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ADL's fuzzy thinking

Though the Anti-Defamation League erred in saying that a mosque shouldn't be built near Ground Zero, it was an error committed out of an excess of compassion and not an expression of animosity.

August 11, 2010|Tim Rutten

It often seems these days as if the United States is reliving many of its most wrenching 19th century controversies.

Take, for example, the increasing antipathy to Islam and to American Muslims. Those sentiments mirror the nativist contagion that surged like a recurrent fever through the United States for most of the 1800s. From lower Manhattan to Wisconsin to Tennessee to Temecula, Islamic congregations seeking to build new mosques have encountered hostile opposition. A growing number of organizations — some of them overlapping with the "tea party" movement — promote animosity to Islam as a creed. One of their most popular fantasies is that new mosques are part of a plot to supplant the Constitution with Sharia, or Muslim religious law.

At the moment, the epicenter of this revived malignancy is a few blocks from the former site of the World Trade Center, where plans to build a mosque and Islamic studies center have ignited a firestorm of opposition. Like all irrational impulses, nativist agitation lends itself to political appropriation. Consider, for instance, the dubious campaign that has developed around the Anti-Defamation League's ill-advised intervention in the controversy. Early on in the planning, the Jewish civil rights organization issued a statement that concluded: "Proponents of the Islamic Center may have every right to build at this site, and may even have chosen the site to send a positive message about Islam. The bigotry some have expressed in attacking them is unfair, and wrong. But ultimately this is not a question of rights, but a question of what is right. In our judgment, building an Islamic Center in the shadow of the World Trade Center will cause some victims more pain — unnecessarily — and that is not right."

ADL's national director, Abe Foxman, later compared the situation to what occurred at Auschwitz in 1993, when the late Pope John Paul II intervened to remove a convent of Carmelite nuns in proximity to the death camp where millions of Jews died in the Holocaust, because some survivors felt affronted. However, when New York officials ruled the mosque could proceed, ADL dropped the issue.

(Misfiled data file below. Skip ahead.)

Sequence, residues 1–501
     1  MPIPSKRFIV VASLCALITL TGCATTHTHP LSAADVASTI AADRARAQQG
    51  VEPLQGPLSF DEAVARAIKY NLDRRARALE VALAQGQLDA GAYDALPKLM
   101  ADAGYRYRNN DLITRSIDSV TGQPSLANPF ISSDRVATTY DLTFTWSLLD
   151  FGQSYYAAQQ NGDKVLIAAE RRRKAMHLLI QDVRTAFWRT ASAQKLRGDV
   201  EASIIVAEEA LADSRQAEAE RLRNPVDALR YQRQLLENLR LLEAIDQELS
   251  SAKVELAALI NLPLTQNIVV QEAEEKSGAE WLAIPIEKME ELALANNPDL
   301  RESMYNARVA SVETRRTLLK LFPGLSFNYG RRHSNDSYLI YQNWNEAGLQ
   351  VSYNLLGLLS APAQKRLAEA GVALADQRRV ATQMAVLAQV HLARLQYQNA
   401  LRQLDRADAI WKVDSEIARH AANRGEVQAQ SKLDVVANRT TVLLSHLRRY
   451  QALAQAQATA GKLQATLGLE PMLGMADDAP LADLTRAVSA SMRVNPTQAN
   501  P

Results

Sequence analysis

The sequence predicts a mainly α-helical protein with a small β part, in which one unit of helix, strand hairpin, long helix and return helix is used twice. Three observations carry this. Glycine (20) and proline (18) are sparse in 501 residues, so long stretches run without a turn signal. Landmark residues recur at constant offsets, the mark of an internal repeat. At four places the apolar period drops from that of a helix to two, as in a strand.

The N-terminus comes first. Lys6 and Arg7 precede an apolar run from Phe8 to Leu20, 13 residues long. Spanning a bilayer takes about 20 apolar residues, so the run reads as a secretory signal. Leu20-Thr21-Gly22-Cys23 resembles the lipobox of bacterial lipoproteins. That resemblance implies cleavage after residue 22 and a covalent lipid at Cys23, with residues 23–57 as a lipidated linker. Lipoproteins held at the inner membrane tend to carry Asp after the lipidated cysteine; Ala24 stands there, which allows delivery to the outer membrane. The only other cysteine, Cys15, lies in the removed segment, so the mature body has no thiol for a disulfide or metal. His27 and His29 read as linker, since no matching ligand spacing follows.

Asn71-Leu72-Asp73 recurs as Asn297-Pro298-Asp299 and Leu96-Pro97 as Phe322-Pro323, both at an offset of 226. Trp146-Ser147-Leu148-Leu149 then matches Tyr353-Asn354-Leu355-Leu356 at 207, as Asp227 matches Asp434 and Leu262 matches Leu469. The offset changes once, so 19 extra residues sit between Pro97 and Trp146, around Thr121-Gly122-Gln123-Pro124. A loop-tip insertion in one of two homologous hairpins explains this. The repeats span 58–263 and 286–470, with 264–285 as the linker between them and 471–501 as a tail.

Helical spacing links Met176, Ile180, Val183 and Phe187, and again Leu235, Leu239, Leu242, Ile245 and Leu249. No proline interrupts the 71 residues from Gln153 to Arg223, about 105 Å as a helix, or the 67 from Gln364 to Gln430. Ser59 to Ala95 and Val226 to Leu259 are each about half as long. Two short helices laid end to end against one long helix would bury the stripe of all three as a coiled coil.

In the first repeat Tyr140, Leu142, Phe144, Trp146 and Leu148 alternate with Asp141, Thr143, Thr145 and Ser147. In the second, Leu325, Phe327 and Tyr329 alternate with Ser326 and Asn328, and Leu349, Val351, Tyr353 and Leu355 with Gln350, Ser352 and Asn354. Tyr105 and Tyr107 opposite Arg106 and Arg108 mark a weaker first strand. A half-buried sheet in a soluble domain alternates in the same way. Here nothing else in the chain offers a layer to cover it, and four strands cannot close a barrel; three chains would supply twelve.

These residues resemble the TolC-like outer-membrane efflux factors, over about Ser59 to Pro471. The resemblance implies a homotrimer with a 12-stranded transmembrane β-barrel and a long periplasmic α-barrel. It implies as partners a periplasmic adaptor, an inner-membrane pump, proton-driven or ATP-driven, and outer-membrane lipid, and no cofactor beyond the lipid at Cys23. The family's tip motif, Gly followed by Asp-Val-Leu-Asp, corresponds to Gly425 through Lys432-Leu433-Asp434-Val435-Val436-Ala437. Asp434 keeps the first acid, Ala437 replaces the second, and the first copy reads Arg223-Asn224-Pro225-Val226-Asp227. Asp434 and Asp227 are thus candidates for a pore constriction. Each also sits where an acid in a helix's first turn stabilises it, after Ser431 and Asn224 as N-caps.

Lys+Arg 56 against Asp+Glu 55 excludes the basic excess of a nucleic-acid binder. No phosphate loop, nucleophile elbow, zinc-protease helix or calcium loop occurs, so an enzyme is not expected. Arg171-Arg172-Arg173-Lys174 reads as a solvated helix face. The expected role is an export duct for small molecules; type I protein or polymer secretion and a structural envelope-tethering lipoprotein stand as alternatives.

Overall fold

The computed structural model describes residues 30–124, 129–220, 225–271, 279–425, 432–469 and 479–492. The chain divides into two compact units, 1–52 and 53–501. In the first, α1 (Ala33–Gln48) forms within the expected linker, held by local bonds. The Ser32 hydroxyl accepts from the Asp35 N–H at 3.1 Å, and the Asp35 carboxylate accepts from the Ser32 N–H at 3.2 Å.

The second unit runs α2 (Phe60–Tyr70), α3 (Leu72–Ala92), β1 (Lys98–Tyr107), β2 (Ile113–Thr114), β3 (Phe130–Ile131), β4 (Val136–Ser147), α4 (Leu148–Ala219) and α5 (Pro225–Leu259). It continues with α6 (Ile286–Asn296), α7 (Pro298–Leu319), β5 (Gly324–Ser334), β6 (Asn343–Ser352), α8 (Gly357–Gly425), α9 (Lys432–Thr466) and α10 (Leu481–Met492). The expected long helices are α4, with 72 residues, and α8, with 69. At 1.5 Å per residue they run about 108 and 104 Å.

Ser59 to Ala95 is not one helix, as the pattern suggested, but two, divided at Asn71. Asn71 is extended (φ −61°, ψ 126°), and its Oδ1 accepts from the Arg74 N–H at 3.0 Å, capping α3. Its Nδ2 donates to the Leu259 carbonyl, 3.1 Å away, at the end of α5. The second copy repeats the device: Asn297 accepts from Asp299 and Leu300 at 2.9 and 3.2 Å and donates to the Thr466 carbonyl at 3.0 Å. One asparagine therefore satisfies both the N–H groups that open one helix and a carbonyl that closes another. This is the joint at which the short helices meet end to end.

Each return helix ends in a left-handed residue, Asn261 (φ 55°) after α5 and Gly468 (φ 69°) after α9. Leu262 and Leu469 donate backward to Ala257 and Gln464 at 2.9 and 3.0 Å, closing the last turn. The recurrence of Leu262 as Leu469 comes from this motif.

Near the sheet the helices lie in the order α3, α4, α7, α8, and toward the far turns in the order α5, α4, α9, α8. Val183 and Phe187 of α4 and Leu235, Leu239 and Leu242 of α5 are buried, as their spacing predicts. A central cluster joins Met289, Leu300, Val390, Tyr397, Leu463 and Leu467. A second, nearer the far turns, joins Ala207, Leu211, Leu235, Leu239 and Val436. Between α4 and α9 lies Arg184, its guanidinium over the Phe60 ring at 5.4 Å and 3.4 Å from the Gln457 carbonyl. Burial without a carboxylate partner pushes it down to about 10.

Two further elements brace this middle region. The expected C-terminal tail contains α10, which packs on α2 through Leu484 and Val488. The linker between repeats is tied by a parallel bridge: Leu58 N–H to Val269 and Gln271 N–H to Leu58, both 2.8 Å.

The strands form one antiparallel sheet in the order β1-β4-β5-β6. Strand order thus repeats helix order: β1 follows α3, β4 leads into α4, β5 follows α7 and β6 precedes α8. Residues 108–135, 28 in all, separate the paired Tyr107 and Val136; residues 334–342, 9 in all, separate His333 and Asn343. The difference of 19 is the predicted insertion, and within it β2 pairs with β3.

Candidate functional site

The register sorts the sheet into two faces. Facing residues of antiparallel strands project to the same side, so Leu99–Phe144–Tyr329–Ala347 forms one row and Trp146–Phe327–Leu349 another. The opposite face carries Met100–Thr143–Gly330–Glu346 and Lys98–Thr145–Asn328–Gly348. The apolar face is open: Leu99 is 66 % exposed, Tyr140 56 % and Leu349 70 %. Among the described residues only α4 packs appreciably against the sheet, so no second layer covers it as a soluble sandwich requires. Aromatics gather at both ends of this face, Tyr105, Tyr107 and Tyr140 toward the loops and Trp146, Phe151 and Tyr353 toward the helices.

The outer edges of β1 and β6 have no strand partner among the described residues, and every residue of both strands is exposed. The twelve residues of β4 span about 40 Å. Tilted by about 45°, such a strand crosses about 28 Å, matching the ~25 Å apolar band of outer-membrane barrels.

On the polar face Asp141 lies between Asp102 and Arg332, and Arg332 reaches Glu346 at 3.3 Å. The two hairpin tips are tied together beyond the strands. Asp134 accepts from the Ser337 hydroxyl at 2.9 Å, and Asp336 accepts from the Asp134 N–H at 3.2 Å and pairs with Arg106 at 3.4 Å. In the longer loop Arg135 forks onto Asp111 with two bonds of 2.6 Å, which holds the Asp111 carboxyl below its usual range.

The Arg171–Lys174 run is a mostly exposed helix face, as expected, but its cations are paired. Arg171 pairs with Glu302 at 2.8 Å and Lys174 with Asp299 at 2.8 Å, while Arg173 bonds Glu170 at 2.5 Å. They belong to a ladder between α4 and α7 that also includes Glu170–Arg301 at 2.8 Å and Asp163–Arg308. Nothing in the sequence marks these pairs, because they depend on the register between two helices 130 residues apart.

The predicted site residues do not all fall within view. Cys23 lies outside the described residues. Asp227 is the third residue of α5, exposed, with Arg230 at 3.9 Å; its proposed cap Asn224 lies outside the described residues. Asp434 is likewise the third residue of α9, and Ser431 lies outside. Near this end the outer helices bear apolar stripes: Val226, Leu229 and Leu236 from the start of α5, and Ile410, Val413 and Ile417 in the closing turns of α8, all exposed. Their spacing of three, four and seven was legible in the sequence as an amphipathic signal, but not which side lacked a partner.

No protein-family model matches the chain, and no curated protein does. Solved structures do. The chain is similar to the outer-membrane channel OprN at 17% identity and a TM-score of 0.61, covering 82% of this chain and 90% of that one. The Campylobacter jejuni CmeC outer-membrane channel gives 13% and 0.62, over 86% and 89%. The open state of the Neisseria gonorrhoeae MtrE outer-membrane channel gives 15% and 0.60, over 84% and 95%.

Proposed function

Each year, ADL gives an award, the Hubert H. Humphrey First Amendment Freedoms Prize, to a journalist or organization that has advanced the ideals embodied in that section of the Constitution. Last week, Fareed Zakaria, Newsweek International's editor and host of a first-rate CNN weekend show, who received the prize in 2005, said he would return it in protest of ADL's stance on the mosque. Since then, a number of prominent bloggers have praised his act of conscience and published lists of the award's recipients, suggesting that they ought to either follow his example or explain why not. I was honored to receive the Humphrey prize two years ago and will not return it, though I certainly respect Zakaria's arguments.

The ADL was wrong on this issue, but as its statement indicated, it never questioned the right of the Islamic congregation to construct a place of worship. ADL weighed that right against the feelings of some grieving survivors and decided to come down on their side, even if it was irrational. That was a mistake, but it was an error committed out of an excess of compassion and not as an expression of animosity. The situation is not analogous to the Auschwitz example because the Jews murdered there were killed simply for being Jews. Those who died in the World Trade Center — Jews, Christians and Muslims alike — died for being Americans. It's simply unacceptable to argue that because their murderers were Muslims of a sort, American Muslims ought now be urged to forgo exercise of their Constitutional rights.

That said, ADL's misguided excess of feeling in a case in which clear thinking was requisite is not part of a pattern, which is why it stands out so clearly as a mistake. In fact, since 9/11 the organization has spoken out frequently and clearly against discrimination toward Muslims.

As Amanda Susskind, who directs ADL's Pacific Southwest Region, told me this week, "ADL is not in the business of promoting an anti-Muslim agenda. Our original statement focused on the issues of location and sensitivity of the Islamic Community Center. The debate on those issues was hijacked by bigots, Islamophobes and those who wanted to promote their own political agendas."

In an era of revived nativism like this one, ADL, even if it occasionally errs, is an organization I regard as indispensable.

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